On the new table layout page, enter Column Name and Data Type, then check if nulls are allowed.

Follow Best Practices for Naming Columns

This might seem like common sense, but you should always pick column names that are descriptive of the filed contents. Don't pick a long name that's hard to remember; especially if you have to type it repeatedly. Use commonly accepted naming rules here: make the first letter of each word or abbreviation uppercase, so it's easier to read. You can shorten or abbreviate the second word if possible. The Student Identification column ends up as StudentID.

Set the Primary Key

Once your columns have been defined, there are still a couple of things left to check off the list. Set the primary key for the table by right-clicking on the row that you want to use as a primary key, which is normally the first row you entered, and clicking on Set Primary Key from the list shown below.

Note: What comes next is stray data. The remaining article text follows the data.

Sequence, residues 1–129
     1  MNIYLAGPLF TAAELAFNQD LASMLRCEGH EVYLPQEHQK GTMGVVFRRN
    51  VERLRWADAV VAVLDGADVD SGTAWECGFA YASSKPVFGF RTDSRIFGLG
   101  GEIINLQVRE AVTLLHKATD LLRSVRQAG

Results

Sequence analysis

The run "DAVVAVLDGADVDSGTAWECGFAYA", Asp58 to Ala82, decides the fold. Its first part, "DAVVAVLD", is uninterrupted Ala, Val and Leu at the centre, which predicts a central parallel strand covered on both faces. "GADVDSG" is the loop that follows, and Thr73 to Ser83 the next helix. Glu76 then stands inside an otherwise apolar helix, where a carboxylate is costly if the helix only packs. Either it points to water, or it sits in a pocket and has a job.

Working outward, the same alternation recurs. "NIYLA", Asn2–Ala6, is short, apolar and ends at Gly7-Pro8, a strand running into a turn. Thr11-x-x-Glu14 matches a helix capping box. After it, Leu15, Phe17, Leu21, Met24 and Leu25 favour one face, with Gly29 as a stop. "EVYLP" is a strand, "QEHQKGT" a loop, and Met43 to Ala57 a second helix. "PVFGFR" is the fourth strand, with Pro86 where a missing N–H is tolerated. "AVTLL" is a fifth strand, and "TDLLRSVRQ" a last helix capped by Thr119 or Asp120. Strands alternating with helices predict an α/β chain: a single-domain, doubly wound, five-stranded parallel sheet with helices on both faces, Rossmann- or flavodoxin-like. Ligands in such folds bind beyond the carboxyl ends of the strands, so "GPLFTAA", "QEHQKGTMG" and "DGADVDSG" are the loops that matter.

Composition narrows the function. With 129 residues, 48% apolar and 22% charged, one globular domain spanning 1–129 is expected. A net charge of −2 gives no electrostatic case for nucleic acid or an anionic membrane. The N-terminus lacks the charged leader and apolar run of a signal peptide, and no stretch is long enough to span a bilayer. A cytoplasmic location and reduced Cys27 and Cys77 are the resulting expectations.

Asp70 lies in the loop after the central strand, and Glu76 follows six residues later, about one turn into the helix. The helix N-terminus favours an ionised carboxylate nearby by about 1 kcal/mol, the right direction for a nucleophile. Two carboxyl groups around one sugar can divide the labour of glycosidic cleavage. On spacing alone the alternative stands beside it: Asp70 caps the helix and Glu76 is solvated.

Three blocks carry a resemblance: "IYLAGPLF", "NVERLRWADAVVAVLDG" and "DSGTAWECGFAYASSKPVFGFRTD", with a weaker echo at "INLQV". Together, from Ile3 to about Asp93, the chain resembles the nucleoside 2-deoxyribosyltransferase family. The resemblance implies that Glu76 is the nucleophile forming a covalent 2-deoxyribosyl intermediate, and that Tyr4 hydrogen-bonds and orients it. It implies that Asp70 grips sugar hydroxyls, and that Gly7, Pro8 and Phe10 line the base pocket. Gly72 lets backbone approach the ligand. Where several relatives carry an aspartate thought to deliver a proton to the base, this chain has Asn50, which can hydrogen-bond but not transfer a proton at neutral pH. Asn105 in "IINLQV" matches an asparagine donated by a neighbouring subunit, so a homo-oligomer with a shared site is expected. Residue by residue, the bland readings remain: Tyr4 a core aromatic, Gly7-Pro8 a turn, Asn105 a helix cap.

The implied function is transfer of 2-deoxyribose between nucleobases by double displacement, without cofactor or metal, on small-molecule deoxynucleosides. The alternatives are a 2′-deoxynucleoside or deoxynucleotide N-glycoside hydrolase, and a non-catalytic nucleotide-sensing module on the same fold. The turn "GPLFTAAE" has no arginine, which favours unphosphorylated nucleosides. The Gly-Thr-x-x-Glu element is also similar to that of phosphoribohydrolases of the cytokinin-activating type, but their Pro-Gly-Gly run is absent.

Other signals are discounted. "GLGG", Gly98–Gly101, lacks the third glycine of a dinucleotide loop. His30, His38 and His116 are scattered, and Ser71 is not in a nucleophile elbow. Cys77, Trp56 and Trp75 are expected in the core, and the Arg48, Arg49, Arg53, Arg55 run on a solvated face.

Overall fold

Right click on the Column you want to set the Primary Key and select Set Primary Key.
Right-click on the column you want to set as the primary key.
Arrow pointing down to the next step.
Once we select the Primary Key, you’ll notice the key icon that appears in the left margin.
Once you set the primary key, the key icon appears in the left margin.  

Do we set foreign keys the same way?

You don’t have to define the foreign keys yet; in fact, there is no formal way to set them in SQL Server. Foreign keys should have the exact same attributes set up in both the table, where it is a primary key, and where it is set as a foreign key. It's the most common way to know if you have a foreign key field in a table. Ordinarily, you place the primary key as the first column in the table, followed by the foreign keys; it's not mandatory, but more of a standard convention.

Now set the primary key as an AutoNumber-generated field, which again is a pretty standard practice in database design.

  1. Single left-click on the row that contains the primary key field.